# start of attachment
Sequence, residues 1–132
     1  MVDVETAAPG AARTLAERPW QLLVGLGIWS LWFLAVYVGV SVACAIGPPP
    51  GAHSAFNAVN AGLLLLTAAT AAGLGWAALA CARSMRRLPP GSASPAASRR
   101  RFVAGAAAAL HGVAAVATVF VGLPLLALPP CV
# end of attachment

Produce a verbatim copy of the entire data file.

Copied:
Sequence, residues 1–132
     1  MVDVETAAPG AARTLAERPW QLLVGLGIWS LWFLAVYVGV SVACAIGPPP
    51  GAHSAFNAVN AGLLLLTAAT AAGLGWAALA CARSMRRLPP GSASPAASRR
   101  RFVAGAAAAL HGVAAVATVF VGLPLLALPP CV